Objectives: We investigated whether reported experience of racial discrimination in health care and in other domains was associated with cancer screening and negative health care experiences.
Methods: We used 2006/07 New Zealand Health Survey data (n = 12 488 adults). We used logistic regression to examine the relationship of reported experience of racial discrimination in health care (unfair treatment by a health professional) and in other domains (personal attack, unfair treatment in work and when gaining housing) to breast and cervical cancer screening and negative patient experiences adjusted for other variables.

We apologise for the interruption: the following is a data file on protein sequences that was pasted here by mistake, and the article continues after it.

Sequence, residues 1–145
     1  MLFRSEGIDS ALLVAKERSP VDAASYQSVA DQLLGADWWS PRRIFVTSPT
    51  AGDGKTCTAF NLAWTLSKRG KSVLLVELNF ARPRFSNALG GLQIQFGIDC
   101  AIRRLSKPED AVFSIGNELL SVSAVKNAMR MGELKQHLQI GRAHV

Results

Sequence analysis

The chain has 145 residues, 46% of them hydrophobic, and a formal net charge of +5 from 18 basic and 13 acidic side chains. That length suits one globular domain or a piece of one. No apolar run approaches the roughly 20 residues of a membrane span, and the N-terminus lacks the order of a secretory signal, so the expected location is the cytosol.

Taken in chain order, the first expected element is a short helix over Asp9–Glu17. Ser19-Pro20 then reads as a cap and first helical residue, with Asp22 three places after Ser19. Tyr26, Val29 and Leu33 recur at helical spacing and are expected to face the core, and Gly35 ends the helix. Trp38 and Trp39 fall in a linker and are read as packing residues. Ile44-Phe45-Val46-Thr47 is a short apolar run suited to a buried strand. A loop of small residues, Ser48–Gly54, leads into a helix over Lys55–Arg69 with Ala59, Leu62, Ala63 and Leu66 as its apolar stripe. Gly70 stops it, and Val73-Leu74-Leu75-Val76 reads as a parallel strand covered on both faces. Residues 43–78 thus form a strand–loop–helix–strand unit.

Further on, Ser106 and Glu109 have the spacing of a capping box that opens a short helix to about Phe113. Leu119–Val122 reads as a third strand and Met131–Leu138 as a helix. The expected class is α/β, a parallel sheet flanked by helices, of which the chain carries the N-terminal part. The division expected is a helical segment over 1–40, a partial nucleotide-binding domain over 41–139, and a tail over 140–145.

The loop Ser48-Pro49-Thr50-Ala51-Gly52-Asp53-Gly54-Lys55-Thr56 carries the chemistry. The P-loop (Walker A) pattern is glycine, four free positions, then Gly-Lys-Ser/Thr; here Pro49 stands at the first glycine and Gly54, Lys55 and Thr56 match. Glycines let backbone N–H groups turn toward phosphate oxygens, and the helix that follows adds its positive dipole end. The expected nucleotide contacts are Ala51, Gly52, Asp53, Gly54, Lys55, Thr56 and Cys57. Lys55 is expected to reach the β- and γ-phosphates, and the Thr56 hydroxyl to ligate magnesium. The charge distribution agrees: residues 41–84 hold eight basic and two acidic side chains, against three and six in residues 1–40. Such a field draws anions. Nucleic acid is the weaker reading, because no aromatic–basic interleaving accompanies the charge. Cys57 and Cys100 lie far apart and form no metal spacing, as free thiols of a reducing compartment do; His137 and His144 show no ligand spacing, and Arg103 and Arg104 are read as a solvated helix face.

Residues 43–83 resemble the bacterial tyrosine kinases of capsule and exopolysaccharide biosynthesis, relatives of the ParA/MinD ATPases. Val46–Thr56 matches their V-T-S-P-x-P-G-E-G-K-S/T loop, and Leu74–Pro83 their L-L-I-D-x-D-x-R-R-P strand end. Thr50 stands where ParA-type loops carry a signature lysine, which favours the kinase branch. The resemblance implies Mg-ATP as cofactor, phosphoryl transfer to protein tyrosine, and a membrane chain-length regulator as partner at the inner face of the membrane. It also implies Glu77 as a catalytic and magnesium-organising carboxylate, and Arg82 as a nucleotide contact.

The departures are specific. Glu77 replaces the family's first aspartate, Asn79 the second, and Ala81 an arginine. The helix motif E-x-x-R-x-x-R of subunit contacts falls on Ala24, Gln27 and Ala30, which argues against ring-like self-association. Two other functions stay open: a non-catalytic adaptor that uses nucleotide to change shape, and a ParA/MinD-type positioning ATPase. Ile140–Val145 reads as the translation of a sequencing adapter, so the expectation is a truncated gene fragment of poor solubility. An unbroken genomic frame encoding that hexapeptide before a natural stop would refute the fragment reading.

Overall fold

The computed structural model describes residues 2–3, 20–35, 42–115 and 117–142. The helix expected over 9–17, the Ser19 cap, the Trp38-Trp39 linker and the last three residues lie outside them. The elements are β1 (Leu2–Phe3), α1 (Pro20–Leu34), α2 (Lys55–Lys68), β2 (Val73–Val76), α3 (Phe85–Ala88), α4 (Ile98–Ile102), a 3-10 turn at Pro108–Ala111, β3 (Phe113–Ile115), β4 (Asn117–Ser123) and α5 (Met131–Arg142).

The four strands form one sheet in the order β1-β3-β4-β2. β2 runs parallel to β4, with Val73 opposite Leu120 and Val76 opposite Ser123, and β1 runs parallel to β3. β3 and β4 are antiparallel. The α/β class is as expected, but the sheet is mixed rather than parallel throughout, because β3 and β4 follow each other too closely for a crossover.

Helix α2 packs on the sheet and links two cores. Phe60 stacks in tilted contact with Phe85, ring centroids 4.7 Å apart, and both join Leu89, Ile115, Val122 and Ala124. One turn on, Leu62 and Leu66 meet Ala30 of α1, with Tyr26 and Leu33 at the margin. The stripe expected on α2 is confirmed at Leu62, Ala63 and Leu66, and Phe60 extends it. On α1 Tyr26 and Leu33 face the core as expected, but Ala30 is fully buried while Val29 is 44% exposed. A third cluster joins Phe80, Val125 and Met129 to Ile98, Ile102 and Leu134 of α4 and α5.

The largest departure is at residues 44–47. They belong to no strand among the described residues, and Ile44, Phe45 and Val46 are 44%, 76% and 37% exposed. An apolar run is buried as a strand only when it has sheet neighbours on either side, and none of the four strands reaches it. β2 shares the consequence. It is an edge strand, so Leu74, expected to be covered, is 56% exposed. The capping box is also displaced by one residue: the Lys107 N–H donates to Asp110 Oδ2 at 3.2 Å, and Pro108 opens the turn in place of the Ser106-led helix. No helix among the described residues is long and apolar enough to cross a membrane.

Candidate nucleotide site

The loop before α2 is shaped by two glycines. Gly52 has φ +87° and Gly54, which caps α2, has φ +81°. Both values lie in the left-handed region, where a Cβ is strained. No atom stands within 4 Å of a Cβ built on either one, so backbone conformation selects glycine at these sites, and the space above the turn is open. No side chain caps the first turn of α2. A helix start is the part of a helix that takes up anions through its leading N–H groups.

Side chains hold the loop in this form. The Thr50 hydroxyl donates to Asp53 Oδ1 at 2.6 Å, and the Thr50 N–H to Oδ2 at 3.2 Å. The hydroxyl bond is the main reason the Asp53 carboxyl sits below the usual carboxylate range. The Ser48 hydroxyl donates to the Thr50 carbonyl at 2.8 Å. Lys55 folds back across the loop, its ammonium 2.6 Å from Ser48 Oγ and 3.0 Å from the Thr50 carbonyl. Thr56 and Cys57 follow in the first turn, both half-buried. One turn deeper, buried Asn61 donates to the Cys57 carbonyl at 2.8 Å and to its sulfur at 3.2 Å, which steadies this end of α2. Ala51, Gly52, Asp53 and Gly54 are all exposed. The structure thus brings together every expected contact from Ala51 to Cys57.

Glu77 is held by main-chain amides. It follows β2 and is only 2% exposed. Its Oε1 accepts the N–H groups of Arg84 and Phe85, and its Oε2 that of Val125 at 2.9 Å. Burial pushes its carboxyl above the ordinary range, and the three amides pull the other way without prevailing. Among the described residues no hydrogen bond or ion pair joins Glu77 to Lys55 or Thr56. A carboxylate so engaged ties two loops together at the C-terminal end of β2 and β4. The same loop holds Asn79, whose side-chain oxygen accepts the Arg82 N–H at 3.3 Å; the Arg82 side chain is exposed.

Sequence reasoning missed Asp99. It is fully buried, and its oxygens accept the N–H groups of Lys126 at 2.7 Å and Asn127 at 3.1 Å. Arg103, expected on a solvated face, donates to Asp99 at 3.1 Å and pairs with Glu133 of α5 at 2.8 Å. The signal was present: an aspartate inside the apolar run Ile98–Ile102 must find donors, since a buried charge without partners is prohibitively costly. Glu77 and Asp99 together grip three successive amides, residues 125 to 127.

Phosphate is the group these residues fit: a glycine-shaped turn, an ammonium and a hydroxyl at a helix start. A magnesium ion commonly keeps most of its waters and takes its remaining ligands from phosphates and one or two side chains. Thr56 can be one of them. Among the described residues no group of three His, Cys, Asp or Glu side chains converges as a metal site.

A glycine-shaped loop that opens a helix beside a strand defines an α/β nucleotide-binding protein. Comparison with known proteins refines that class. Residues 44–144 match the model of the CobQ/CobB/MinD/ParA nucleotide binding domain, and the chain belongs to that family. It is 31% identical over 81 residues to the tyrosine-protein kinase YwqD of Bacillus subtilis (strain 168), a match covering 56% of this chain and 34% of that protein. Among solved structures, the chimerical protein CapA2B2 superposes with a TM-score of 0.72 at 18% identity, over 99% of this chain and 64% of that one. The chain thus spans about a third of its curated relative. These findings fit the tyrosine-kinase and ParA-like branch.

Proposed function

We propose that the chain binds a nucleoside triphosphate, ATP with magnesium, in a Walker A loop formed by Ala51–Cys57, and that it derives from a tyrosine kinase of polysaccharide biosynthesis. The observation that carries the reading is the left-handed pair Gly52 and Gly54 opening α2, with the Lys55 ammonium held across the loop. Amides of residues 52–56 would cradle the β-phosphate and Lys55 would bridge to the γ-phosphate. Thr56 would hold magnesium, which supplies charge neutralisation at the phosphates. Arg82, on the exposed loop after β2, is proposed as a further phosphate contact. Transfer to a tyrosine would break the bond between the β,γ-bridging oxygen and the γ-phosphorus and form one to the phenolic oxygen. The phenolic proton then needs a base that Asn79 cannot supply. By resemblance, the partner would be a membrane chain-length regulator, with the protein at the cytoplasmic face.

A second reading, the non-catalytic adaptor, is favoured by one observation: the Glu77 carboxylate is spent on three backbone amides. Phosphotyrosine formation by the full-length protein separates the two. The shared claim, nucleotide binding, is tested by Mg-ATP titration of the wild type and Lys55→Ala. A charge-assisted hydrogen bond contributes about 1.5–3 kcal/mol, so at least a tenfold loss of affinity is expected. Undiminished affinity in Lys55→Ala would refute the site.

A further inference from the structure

Results: Racial discrimination by a health professional was associated with lower odds of breast (odds ratio [OR] = 0.37; 95% confidence interval [CI] = 0.14, 0.996) and cervical cancer (OR = 0.51; 95% CI = 0.30, 0.87) screening among Maori women. Racial discrimination by a health professional (OR = 1.57; 95% CI = 1.15, 2.14) and racial discrimination more widely (OR = 1.55; 95% CI = 1.35, 1.79) were associated with negative patient experiences for all participants.
Conclusions: Experience of racial discrimination in both health care and other settings may influence health care use and experiences of care and is a potential pathway to poor health.